Neck manipulation

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The Vertebral Column

Cervical manipulation commonly known as neck manipulation is a procedure involving adjusting the upper 7 vertebral bodies of the spinal column often by chiropractors and physicians. Recent studies suggest this type of manipulation may increase chances of stroke and other issues.[1][2][3]

Location[edit]

Main article: Vertebral column

The cervical areas is located in the upper neck region of the spine from C1 to C7.

Methods[edit]

Many types of practitioners use various techniques to adjust the position of the cervical bones. They include Bonesetters, Physical Therapists, Chiropractors and Osteopaths. The various techniques range from high velocity low amplitude thrusts to gentle positional release techniques such as Brett's Procedure.

Risks[edit]

There are associated risks that come with cervical manipulation including spinal disc herniation, stroke and vertebral artery dissection. Chances of stroke maybe increased due to possible tears in neck arteries, known as cervical dissection, and is among the most commonly causes of stroke for young and middle-aged adults.[4][5]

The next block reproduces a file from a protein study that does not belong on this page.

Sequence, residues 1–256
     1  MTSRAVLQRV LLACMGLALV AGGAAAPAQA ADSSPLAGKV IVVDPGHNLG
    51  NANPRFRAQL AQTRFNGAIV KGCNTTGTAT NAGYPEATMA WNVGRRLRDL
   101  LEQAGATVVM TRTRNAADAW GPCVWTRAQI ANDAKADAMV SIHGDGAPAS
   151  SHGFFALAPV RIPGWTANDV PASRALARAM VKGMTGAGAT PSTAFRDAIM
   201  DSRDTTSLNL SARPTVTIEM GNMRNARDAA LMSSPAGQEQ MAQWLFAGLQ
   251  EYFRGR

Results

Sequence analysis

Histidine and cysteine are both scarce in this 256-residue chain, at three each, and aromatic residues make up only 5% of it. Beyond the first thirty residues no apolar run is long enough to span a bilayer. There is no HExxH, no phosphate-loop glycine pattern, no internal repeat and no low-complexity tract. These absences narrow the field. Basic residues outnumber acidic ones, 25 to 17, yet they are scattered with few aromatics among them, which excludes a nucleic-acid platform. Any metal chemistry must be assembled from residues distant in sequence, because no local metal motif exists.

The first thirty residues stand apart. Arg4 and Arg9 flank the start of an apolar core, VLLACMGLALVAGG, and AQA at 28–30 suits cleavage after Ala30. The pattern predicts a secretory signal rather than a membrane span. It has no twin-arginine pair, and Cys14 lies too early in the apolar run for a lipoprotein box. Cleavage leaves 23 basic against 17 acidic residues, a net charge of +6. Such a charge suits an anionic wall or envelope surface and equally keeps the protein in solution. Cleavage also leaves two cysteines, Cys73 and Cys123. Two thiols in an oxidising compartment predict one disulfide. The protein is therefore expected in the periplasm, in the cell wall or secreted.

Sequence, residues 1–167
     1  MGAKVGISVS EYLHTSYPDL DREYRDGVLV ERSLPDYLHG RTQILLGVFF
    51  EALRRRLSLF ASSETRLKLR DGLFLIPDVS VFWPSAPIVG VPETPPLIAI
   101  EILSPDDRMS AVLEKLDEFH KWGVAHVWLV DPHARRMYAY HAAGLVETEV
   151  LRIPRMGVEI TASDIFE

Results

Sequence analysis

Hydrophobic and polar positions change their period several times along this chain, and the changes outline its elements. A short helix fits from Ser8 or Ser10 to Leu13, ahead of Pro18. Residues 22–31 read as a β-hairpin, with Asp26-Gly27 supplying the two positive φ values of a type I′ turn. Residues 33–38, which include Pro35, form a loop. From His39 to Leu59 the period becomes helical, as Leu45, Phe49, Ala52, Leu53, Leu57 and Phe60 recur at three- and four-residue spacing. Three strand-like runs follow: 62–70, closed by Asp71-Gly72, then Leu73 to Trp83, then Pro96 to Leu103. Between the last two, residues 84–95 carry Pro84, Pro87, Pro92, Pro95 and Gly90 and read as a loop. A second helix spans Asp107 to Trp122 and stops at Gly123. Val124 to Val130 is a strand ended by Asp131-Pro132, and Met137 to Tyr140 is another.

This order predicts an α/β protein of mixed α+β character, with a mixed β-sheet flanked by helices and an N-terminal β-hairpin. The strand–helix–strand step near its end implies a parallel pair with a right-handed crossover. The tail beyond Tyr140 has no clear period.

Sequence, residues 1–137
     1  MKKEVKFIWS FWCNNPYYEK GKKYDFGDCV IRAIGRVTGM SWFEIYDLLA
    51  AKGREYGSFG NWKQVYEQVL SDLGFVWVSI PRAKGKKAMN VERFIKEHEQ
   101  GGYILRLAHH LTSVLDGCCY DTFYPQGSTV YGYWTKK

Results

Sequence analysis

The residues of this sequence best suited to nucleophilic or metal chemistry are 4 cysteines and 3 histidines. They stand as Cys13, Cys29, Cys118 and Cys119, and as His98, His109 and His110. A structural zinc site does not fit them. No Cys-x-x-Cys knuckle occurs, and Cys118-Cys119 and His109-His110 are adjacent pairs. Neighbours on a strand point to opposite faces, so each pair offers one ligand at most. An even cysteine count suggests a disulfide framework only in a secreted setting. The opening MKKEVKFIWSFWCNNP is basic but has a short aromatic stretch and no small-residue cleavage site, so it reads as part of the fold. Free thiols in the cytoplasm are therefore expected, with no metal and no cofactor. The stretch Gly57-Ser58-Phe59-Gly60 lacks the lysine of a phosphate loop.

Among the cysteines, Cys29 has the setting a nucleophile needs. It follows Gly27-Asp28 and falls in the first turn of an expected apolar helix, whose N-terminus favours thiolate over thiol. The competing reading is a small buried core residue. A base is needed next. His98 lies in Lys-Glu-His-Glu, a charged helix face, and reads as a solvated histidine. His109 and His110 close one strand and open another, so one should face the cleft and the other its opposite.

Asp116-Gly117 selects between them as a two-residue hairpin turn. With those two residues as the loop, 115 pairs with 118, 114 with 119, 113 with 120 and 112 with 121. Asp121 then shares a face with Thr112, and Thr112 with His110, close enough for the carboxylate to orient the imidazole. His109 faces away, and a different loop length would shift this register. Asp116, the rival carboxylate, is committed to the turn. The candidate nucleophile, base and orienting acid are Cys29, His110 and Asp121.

See also[edit]

References[edit]

  1. ^ Anahad O'Connor (2008-08-25). "Really? - Can Manipulating Your Neck Lead to a Stroke?". New York Times. Retrieved 2015-07-01. 
  2. ^ Susan Berger (2014-01-06). "How safe are the vigorous neck manipulations done by chiropractors?". Washington Post. Retrieved 2015-07-01. 
  3. ^ Stephen Perle (2015-06-19). "Chiropractic care and the risk of vertebrobasilar stroke". On Health. Retrieved 2015-07-01. 
  4. ^ Truman Lewis (2014-08-13). "Neck manipulation may be linked to stroke". ConsumerAffairs. Retrieved 2015-07-01. 
  5. ^ Dennis Thompson (2014-08-07). "Could Chiropractic Manipulation of Your Neck Trigger a Stroke?". WebMD. Retrieved 2015-07-01. 

External links[edit]